which returns a table testing the significance of each term in the log-linear model of eqn 2 (Fig. 1d). It can be seen that there is a significant effect of the treatment factor (Dev = 106·5, P = 0·008), meaning that treatment has a significant multiplicative effect on mean abundance. The interaction between blocks and treatments is not significant (Dev = 48·5, P = 0·063), meaning that the multiplicative treatment effect is consistent across blocks. The p.uni argument allows univariate ‘species-by-species’ results to be returned as well, some of which are displayed in Fig. 1c. These P-values have been adjusted to control the family wise error rate across species, using a resampling-based implementation of Holm's step-down multiple testing procedure (Westfall & Young 1993). It can be seen that Ameira, Ectinosoma and Mictyricola have large treatment effect test statistics (above 20), consistent with the pattern seen in Fig. 1a, but their adjusted P-values are only marginally significant (Padj = 0·045, 0·071, 0·073, respectively). This demonstrates a key advantage of multivariate analysis – there is greater power to detect patterns when analysing all species simultaneously (P = 0·008) than when looking for a pattern separately in each species (Padj ≥ 0·045).

The argument test specifies the test statistic used, which can be “LR” (likelihood ratio), “wald” or “score” (Warton 2011). By default, the multivariate test statistic is calculated assuming independence of species response variables, which makes the test statistic a simple sum of the univariate test statistics across species, as in Warton et al. (2012). This assumption can be relaxed using the cor.type argument to use statistics that account for correlation between variables, which improves power properties of the test statistic (Warton 2011) but at the expense of computation time. The statistics in mvabund are analogous in construction to conventional manova and multivariate regression statistics, indeed setting family =  “normal” and cor.type = “R” results exactly in conventional multivariate statistics. While other choices of family allow for non-normal data, other choices of cor.type produce statistics that better handle situations where there are many response variables compared to the number of sites, as for the Tasmania data set (Warwick, Clarke & Gee 1990). Note, however, that irrespective of choice of cor.type, inferences are valid even when abundances are correlated across taxa – because the significance of the test statistic is evaluated via resampling rows of data, which preserves and accounts for any correlation structure across species within sites.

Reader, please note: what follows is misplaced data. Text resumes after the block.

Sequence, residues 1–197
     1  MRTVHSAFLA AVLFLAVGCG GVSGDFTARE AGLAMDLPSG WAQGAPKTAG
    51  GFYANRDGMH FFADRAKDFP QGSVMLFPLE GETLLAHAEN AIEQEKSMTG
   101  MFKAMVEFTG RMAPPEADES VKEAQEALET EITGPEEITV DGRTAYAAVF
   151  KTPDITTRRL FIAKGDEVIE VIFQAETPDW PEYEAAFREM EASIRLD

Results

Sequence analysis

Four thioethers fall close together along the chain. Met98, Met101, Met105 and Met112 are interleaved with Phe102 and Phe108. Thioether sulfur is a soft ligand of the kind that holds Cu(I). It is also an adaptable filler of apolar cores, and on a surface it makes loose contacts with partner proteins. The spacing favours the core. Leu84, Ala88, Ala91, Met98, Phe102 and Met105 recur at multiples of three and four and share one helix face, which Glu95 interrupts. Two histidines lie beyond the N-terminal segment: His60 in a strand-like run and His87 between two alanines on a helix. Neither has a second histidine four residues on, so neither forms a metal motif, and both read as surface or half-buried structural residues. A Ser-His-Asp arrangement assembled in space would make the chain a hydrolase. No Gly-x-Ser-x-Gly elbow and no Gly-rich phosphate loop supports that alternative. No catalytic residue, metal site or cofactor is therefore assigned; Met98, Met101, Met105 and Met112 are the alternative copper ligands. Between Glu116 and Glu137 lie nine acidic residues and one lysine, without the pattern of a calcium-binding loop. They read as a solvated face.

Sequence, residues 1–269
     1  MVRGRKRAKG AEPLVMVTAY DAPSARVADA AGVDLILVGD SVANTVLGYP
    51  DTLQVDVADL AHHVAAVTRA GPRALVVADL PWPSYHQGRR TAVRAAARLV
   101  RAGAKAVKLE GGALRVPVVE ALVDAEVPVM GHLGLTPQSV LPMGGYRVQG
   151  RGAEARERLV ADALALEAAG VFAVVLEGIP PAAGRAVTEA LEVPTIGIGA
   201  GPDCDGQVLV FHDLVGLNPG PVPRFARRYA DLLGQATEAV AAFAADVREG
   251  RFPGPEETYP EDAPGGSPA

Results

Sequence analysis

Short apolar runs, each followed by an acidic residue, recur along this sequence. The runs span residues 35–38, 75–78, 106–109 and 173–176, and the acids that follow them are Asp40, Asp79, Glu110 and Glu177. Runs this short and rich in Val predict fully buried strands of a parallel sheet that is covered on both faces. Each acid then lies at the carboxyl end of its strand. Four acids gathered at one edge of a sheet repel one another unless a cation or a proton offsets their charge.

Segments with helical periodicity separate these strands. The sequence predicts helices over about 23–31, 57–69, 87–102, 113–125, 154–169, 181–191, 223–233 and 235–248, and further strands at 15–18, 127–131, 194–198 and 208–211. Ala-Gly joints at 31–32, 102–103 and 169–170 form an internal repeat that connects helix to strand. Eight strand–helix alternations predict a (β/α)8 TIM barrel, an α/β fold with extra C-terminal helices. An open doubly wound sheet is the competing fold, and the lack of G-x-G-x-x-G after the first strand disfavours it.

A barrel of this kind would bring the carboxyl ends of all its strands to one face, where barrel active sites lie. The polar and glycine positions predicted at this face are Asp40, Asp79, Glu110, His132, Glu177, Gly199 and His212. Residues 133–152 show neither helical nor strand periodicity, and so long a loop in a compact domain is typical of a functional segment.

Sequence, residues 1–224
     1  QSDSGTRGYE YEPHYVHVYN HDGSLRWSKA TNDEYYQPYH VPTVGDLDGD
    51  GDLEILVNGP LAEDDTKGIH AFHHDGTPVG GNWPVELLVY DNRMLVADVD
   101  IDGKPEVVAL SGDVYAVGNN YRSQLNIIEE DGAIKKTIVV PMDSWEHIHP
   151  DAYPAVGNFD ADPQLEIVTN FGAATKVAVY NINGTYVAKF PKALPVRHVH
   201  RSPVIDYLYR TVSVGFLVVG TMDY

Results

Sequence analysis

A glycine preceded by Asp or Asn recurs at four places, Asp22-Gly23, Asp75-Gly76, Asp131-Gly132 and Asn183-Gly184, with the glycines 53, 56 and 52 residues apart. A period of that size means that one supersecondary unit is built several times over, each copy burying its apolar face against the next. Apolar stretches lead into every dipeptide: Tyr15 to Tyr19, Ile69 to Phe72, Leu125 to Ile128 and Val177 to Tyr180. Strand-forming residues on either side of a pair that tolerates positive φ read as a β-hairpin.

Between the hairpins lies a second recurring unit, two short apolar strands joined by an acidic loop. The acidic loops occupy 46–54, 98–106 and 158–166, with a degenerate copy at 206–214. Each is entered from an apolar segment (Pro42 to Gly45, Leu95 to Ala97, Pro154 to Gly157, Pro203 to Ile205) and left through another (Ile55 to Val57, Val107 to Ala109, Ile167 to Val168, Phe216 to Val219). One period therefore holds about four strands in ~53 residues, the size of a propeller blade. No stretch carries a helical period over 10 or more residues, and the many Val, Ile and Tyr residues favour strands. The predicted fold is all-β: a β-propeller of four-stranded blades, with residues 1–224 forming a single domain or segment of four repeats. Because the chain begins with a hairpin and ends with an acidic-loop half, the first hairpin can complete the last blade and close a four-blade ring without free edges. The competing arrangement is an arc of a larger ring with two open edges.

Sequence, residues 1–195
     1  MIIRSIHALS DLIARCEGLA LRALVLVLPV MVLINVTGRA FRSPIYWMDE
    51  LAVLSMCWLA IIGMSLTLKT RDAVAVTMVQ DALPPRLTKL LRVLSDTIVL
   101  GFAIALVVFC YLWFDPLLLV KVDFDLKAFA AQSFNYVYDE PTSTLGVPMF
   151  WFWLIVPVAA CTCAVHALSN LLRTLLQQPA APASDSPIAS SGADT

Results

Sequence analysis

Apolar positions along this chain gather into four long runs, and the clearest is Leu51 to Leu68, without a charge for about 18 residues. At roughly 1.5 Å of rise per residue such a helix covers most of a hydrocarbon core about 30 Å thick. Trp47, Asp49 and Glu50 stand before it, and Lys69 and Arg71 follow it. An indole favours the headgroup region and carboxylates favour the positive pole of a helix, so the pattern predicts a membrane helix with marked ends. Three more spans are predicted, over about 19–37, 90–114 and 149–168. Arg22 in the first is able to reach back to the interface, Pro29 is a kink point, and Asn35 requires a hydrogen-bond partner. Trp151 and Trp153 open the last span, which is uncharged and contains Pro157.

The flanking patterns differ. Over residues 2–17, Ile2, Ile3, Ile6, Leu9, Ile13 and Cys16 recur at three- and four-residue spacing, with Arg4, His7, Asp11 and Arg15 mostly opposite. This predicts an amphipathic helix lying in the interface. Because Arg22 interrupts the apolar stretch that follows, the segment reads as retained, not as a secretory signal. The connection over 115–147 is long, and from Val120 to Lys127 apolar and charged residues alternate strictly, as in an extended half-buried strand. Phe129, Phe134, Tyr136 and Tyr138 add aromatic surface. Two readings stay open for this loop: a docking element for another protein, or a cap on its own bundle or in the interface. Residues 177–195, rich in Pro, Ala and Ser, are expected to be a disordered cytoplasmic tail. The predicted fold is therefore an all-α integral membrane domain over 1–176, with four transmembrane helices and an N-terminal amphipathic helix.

The argument nBoot sets the number of resamples used to estimate the P-value (default is 1000), and resamp decides which resampling method is used to calculate the P-values. Available methods are case, residual and score resampling, residual permutation or parametric bootstrap (resamp =  “case”, “resid”, “score”, “perm.resid”, “montecarlo”) (Davison & Hinkley 1997). We have studied all of these methods by simulation and found them to provide approximately valid tests for typical count data sets, while we specifically recommend the parametric bootstrap for presence/absence data. All the resampling methods are computationally intensive, so the core functions are coded in C++ with an R/C++ interface (Eddelbuettel & Francois 2011) to reduce computation time. Most analyses are completed in seconds or minutes, but longer computations times would be expected for data sets with hundreds or thousands of sites and/or species. In such cases, it is advisable to first estimate computation time using an initial run with a small number of bootstrap samples, for example, nBoot = 50.

The anova function is quite flexible and handles nested hypotheses in the standard way:

> tas.block < manyglm(copepods ∼ block, family = “negative.binomial”)

> anova(tas.block, tas.nb)

tests whether the block×treatment model (tas.nb) explains any additional variation not captured by a block model alone.

The mvabund package is available on CRAN (cran.r-project.org) and is compatible with version 2.13 of r and above.

Acknowledgements

  1. Top of page
  2. Summary
  3. Visualising data
  4. Fitting predictive models
  5. Checking model assumptions
  6. Testing hypotheses about the community–environment association
  7. Acknowledgements
  8. References

This research was supported under Australian Research Council's Discovery Projects funding scheme (project number DP0987729). Thanks to Warwick, Clarke & Gee (1990) for making their data available and to the handling editor and anonymous reviewers for suggestions that improved the manuscript and R package.

References

  1. Top of page
  2. Summary
  3. Visualising data
  4. Fitting predictive models
  5. Checking model assumptions
  6. Testing hypotheses about the community–environment association
  7. Acknowledgements
  8. References